Archive: The Art of Page Turning
Many people have tales of page-turners' mistakes. It is a very difficult job to do well. These mistakes can ruin a concert, and performances of chamber music, lieder recitals, and particularly of 20th Century and contemporary music, rely very heavily upon the efficiency of the turner. There have been several radio programs on BBC radio over the years about page-turning disasters, and they must make those who put themselves in the firing line cringe with embarrassment. That said, performers should be conscious of and thankful when the job is done well. It is all too easy to take it for granted if no problems occur, and we are often guilty of not noticing or acknowledging it under those circumstances, and go hairless with impatience when things do go wrong (we behave similarly towards piano tuners). I have regularly been indebted to a great music-lover whose page-turning activities have extended to working with several prominent artists, including in recording sessions. I know that to some degree he does this as an antidote to his professional life, but it is also something he treats as a major contribution to the concerts, inspires confidence at the same time as being discreet, and is invaluable to the artists alongside whom he sits. I would also like to mention the two lieder recitals I have recently given with Elizabeth Watts - one in the Netherlands and the other in London – for which the job of page-turning was a huge responsibility - involving multiple duplicated copies and repeated sections (nineteen separate works in all) - and both respective page-turners rose to the challenge extremely professionally. It is worth noting here that the job of page-turning is sometimes massively complicated by the way music is published. Two examples: Firstly, a 20th Century two-piano work – a piece of fiendishly difficult and fast-moving music in variation form that involves a section of eight bars being repeated. The first two of these bars is at the bottom of the right hand page, leaving the other six over the page; thus, the repeat sign rears its head after about three seconds of turning the page, by which time the unsuspecting page-turner has already sat down. Then, after turning back the page, he or she realises that the page needs to be re-turned after two bars – maybe one second later. This situation re-appears later in the same piece. With any degree of nervousness, at the very least a stage show of leaping up and down and panicking is inevitable, and at its worst could lead to the music falling off the stand (and has done). The second example is of a solo piano work of which I gave the first performance some years ago. Again, extremely complex, one of the movements is modeled to some extent on the form of a Schubert German Dance. Section A is in two halves, each half being repeated. Then follows Section B, also in two halves, each half being repeated. Section A then returns - this time without repeats. We then go straight to Section C, omitting Section B. Section C is also in two halves, each half being repeated. Section A then returns again, this time with repeats. We then go into Section B, without repeats, and then onto Section D ......... and on and on like this until both performer and page turner are halfway to insanity. If the publisher had printed out the whole thing in the order in which it needs to be played (which was not subject to any possibility of modification), complete with written out repeats, performance would be straightforward and confident, at the end of which the page-turner would not be feeling homicidal and the composer mortified. As it was, none of the repeats are written out, and there is a sea of da capo and ‘go to’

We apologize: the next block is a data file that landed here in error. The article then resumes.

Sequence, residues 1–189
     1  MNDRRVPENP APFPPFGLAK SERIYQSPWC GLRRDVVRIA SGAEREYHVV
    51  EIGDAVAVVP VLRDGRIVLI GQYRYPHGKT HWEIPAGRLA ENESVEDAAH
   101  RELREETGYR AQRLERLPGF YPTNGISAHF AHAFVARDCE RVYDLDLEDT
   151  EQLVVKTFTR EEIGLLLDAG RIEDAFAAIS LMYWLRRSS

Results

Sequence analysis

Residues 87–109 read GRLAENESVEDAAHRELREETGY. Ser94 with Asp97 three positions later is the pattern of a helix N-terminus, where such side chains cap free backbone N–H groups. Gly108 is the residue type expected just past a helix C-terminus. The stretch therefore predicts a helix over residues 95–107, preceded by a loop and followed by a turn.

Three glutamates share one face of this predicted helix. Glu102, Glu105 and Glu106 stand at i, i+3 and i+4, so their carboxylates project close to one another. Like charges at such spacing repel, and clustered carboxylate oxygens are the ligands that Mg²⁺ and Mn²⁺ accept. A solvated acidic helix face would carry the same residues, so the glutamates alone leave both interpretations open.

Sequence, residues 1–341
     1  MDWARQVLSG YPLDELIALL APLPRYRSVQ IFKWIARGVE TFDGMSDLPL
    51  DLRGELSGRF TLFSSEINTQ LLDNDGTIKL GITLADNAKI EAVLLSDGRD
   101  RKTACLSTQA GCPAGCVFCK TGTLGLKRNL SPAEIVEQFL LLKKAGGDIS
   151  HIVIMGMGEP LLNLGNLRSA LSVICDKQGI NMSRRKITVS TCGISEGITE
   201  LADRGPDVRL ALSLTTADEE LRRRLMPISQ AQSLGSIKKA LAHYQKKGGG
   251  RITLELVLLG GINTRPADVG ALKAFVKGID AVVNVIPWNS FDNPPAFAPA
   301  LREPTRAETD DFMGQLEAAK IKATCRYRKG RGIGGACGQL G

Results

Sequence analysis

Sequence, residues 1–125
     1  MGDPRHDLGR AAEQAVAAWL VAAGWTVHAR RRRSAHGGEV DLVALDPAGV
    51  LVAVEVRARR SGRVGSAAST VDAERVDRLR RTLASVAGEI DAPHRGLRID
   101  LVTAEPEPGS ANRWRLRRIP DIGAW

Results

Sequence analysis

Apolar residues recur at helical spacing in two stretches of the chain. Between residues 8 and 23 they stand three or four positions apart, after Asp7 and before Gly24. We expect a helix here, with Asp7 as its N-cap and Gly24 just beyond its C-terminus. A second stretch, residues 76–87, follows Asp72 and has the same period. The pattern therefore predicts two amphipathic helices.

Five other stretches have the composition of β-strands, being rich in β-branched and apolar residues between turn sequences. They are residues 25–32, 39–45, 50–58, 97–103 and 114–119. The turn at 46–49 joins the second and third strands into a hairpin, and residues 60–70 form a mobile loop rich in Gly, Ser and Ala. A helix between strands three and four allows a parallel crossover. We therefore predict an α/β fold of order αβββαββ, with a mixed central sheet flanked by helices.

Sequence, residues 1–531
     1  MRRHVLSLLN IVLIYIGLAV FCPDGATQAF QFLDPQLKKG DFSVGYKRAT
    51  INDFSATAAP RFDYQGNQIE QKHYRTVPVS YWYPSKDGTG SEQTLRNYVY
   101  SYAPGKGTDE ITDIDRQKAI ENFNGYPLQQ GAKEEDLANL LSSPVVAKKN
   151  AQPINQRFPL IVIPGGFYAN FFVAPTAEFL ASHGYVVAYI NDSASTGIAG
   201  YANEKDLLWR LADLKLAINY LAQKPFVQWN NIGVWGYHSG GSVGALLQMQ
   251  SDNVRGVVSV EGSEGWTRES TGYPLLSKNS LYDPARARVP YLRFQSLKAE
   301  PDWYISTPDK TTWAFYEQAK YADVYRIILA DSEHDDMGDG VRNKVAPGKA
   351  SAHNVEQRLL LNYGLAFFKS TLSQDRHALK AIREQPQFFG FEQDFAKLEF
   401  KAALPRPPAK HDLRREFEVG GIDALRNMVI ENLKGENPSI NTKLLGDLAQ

signs etc at the end of each section (in particular at the end of Section A - a moment of such unbelievable apprehension as to which section was then going to be presented before me, that it makes most performance experiences seem like a picnic). The result was that the page-turner had to be a virtuoso with the left hand, turning backwards and forwards about eight times, rendering total fearlessness a sine qua non - an ability to appear in front of the listening public as if she had no idea what she was doing, given the degree of to-ing and fro-ing required. That this made the public performance of this movement a complete theatrical farce was inevitable from the lack of forethought. On the other hand, page turners would do well to refrain from volunteering if they suffer from stage-fright, or are intimidated by the performers. Being able to read music is only the beginning and bears as much relationship to being a helpful page-turner as being able to read a score does to being a great conductor - i.e. it is just the most basic fundamental, on top of which there are many further areas of expertise needed. A priority for a page-turner should be that they attend a rehearsal - not all of it, but enough to know the personalities and particular ways of working of the artists, to see the music and establish if there are any practical difficulties with the copies (not only to turn back the corners to prevent sheets sticking together and to find out about repeats, but also to establish the type of paper, whether or not the sheets are well-bound or tend to turn back on their own - with certain publications, this can happen constantly, however much effort you put into flattening the score - and whether or not the lighting works for both the artist and the page-turner; if not, there is a guaranteed disaster ahead.) If they do come to rehearsal, even for just a few minutes - assuming that the artist is a reasonable person to deal with - everything should work with no problems. If not, there are likely to be regrets all round. Although some may find these episodes funny, they are actually a great shame. They spoil the concert, and create huge embarrassment for the protagonists. We tend to look back with humour at concerts that went wrong because it detracts from the agony of failure, and the page-turner is a very soft target – an easy scapegoat - usually when they are safely somewhere else. This is as unfair as it is hypocritical. My own efforts I, myself, have page-turned in concert only twice since I became a professional performer. The first time was in 1981, in the middle of a highly entertaining and enlightening mixture of jazz-influenced music and jazz itself with Simon Rattle and the London Sinfonietta in the Queen Elizabeth Hall London. My role somehow got extended from playing Gershwin's Rhapsody in Blue, Bernstein's Prelude Fugue and Riffs and band piano in some Paul Whiteman numbers, to helping out with stage management and turning the pages for S. Rattle for a performance of a new number by Tony Hymas. It was a manuscript piano part, incomplete, written down sketchily, and was very small. My heart went out to all those who have turned for me over the years as I began to regret volunteering. The other time was during the Messiaen Centenary Year of 2008, when I was invited to play the composer's Turangalila Symphony with the Dresden Staatskapelle conducted by Myung Whun Chung. It turned out that in between performances of this epic work, there were also two performances of Messiaen's Quartet for the End of Time in a beautiful old church in Görlitz - the